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Facebook and Twitter may be experiencing contrasting fortunes when it comes to monetising their user base, but they share many of the same problems.

Chief among which is the need to satisfy personal users and business users.

Both platforms need to maintain an enjoyable social network that helps users communicate, while allowing publishers and brands to prosper.

Facebook and Twitter have recently made changes towards these ends. Let's have a look.

Facebook redefines relevance

Facebook has announced changes to how it uses qualitative feedback to rank stories in the News Feed.

Qualitative, of course, means non-algorithmic; based on feedback that Facebook has been aggregating for some time (see the quote below).

As part of our ongoing effort to improve News Feed, we ask over a thousand people to rate their experience every day and tell us how we can improve the content they see when they check Facebook — we call this our Feed Quality Panel.

We also survey tens of thousands of people around the world each day to learn more about how well we’re ranking each person’s feed.

We ask people to rate each story from one to five stars in response to the question “how much did you want to see this story in your News Feed?”

The conclusion that Facebook came to is that users enjoyed their News Feed the most when populated with posts that were both qualitatively successful (approved of in surveys) and quantitatively successful (got lots of shares, Likes and clicks).

'So what?', you might think. Well, although Facebook states that this shouldn't affect Page reach or traffic, there are a few revealing lines that hint at the impact of this update.

The first point is that Facebook is being vigilant for content that is unnaturally engaged with, as follows...

Pages might see some declines in referral traffic if the rate at which their stories are clicked on does not match how much people report wanting to see those stories near the top of their News Feed.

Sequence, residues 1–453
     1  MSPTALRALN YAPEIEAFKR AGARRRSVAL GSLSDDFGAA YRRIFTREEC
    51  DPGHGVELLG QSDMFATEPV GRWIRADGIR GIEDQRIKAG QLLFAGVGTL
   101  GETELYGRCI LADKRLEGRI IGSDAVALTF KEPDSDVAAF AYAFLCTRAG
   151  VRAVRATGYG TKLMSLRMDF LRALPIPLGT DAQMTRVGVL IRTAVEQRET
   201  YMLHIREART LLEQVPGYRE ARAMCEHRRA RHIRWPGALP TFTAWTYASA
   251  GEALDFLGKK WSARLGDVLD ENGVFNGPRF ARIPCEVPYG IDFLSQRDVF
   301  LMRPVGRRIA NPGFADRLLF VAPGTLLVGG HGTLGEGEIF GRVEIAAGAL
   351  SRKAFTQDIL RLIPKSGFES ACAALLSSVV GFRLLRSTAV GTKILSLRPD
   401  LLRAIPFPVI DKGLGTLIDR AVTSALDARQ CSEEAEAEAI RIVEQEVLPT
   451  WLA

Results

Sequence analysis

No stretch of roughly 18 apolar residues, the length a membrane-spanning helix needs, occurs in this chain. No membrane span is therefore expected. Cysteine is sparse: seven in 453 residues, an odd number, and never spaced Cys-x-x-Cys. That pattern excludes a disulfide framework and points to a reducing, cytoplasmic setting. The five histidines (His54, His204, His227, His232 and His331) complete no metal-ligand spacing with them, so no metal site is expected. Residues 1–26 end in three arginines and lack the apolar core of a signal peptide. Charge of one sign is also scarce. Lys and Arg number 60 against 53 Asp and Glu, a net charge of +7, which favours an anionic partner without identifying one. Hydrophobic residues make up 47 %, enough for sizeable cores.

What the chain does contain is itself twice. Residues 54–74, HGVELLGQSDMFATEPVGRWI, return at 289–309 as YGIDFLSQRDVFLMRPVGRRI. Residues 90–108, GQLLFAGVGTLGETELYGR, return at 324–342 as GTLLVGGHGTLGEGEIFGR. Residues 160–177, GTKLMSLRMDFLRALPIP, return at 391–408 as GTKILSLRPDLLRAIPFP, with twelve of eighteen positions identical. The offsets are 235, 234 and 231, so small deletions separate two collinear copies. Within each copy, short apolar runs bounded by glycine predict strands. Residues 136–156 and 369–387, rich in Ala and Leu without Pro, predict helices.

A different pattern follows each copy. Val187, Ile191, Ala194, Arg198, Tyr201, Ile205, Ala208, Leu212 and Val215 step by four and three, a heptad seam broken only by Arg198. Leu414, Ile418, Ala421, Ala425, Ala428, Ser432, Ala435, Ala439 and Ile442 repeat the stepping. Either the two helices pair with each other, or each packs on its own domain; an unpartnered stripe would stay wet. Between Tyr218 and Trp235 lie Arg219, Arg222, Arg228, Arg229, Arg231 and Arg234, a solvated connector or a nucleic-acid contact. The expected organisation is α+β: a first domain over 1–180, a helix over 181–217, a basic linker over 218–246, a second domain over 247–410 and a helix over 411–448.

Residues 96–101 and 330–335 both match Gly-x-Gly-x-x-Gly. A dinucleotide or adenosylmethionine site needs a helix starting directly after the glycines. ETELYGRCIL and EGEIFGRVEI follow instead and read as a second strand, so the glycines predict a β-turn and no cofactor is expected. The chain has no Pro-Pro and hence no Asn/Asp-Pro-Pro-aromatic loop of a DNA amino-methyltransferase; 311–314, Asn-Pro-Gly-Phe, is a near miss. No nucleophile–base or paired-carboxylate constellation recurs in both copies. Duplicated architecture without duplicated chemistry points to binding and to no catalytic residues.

The second point is that Facebook gives a word of advice to publishers who want to avoid such unnatural engagement.

In general, Pages should avoid encouraging people to take an action (such as encouraging lots of clicks), because this will likely only cause temporary spikes in metrics that might then be rebalanced by feed’s ranking over time.

This is likely intended to improve the relevance of a whole range of content, but the thought occurs to me that more sensational or advertorial style clickbait should certainly be discouraged by this update (content which Facebook already actively seeks to censor).

Though clickbait-y pictures and headlines will always attract intrigued users to click, they may not voice their approval in qualitative feedback.

Surely, this is good for the network, increasing the quality and relevance of posts and fostering a more social dynamic as a result. This, in turn, should keep users engaged and continue to drive advertising revenue.

Facebook ends its announcement blog post by vowing to provide publishers with insight into increasing referral traffic, but emplores them to post things 'meaningful to [their] audiences'.

Can't say fairer than that.

Twitter remembers its users

Twitter recently rolled out a user-facing feature that's only small but grants some relief to observers who fear Twitter has been slowly losing focus.

Being able to see which of your connections are engaging with a current trend is a logical update (shown below by Jack Dorsey) that should help to increase engagement with trends.

Authenticity is something Twitter has struggled with lately, particularly with its new feature Moments, which users feel isn't influenced by the same democratic forces their feed is.

Concentrating on the social aspect of Twitter whilst also allowing for incremental revenue is something Twitter has struggled with. The network has seemed reluctant to create a 'walled garden' for fear of alienating its users.

All this could change if the mooted rise in character limit of tweets goes ahead, and this could be a make or break moment for the platform.

twitter trends 

Ben Davis

Published 2 February, 2016 by Ben Davis @ Econsultancy

Ben Davis is a senior writer at Econsultancy. He lives in Manchester, England. You can contact him at ben.davis@econsultancy.com, follow at @herrhuld or connect via LinkedIn.

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